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beeswax & oil polish.

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Phil Pascoe

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I was recently in hospital for a while, and I found the next bed occupied by a turner. We started chatting, eventually getting to polishes, and he said that for years he had only used rapeseed oil and beeswax. He melted about one cubic inch of wax to 500ml of oil and used it as a slurry with 1000 grit wet and dry. I'd not heard of this one - I'd always used turps with beeswax -so I thought I'd give it a go.
What a lovely quick polish - the only difference between mine and his was that I used a little carnauba and slightly more wax, so my polish was denser, and also(haveing kept bees) I suspect the wax he was buying was rather impure: he was buying it from a beekeeper, and it was reddish brown and also very cheap. It probably contained propolis (bee glue) which I imagine may have made the finish harder. Has anyone else tried or modified this?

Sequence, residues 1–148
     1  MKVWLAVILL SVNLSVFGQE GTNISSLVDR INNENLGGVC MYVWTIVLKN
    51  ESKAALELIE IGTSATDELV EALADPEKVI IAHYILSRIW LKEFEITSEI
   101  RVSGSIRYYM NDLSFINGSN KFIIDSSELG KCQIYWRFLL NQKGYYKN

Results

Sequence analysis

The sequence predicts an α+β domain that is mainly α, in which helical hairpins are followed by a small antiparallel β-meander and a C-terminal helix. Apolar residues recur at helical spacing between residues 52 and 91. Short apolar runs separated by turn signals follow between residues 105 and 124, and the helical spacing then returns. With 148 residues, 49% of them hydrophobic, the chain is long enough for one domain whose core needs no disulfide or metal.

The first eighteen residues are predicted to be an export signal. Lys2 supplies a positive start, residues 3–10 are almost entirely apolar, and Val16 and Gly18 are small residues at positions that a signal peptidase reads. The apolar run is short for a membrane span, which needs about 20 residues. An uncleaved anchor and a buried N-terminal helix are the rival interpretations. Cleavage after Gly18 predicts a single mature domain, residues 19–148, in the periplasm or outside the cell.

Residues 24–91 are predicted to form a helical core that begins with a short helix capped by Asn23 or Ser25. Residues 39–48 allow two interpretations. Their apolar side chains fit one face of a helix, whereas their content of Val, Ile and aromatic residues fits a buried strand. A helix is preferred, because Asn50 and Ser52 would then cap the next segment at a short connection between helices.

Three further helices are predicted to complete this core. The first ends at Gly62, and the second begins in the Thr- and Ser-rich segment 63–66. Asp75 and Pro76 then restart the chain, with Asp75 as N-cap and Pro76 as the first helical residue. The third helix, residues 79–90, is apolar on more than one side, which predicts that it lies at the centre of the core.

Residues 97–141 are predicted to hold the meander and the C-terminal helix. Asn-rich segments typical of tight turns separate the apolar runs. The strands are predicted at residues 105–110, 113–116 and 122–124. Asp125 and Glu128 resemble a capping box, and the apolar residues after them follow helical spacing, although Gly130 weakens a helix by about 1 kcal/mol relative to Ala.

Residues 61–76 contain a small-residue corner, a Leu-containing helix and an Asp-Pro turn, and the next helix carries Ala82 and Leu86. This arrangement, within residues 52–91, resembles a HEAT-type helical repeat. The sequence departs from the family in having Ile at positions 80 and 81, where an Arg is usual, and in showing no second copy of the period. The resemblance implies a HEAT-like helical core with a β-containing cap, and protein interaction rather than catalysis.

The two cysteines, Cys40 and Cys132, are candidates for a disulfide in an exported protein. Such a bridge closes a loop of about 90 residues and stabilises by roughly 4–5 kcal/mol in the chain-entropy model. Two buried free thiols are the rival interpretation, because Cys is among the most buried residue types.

As an afterthought, most veg. oil sold now is rapeseed anyway, so it's cheap!
 

Grahamshed

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OK, I have no experience but I will get in your net :)
I fancy having a go at turning so I was watching some youtube videos yesterday. the guy doing it ( over several different videos ) was using a wax paste mixed with an unspecified oil ( about half a cupful of wax with maybe a tablespoon full of oil ) with wet and dry from 150 down to 600 grit to sand and polish what he made. It looked good after it, a deep satin finish, but he said his main reason for doing it was that it cut down the sanding dust to make it healthier. It left me with the impression that I will do the same when I get a lathe. It looked great.
 

Chrips

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This is interesting. I was thinking of finishing a magazine holder i'm making with beeswax, 'cos that's what I have in the cupboard. My stock is ash, and I'm wondering if it will take the oil as well as a turning might. Perhaps olove oil might be a worthwhile alternative being thinner, if i'm not mistaken. I think I'm gonna have to find a beekeeper locally, how exciting.

'My first post here so hello everyone!
 
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